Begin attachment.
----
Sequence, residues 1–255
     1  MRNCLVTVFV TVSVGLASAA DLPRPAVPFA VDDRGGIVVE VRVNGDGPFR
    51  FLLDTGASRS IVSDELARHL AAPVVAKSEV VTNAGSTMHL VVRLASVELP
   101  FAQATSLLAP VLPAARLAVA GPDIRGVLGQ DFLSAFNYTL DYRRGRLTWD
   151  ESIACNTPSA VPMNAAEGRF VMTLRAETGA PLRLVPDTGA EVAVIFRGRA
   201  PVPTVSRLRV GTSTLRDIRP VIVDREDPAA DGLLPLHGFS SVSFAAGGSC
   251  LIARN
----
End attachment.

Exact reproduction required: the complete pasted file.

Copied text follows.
Sequence, residues 1–255
     1  MRNCLVTVFV TVSVGLASAA DLPRPAVPFA VDDRGGIVVE VRVNGDGPFR
    51  FLLDTGASRS IVSDELARHL AAPVVAKSEV VTNAGSTMHL VVRLASVELP
   101  FAQATSLLAP VLPAARLAVA GPDIRGVLGQ DFLSAFNYTL DYRRGRLTWD
   151  ESIACNTPSA VPMNAAEGRF VMTLRAETGA PLRLVPDTGA EVAVIFRGRA
   201  PVPTVSRLRV GTSTLRDIRP VIVDREDPAA DGLLPLHGFS SVSFAAGGSC
   251  LIARN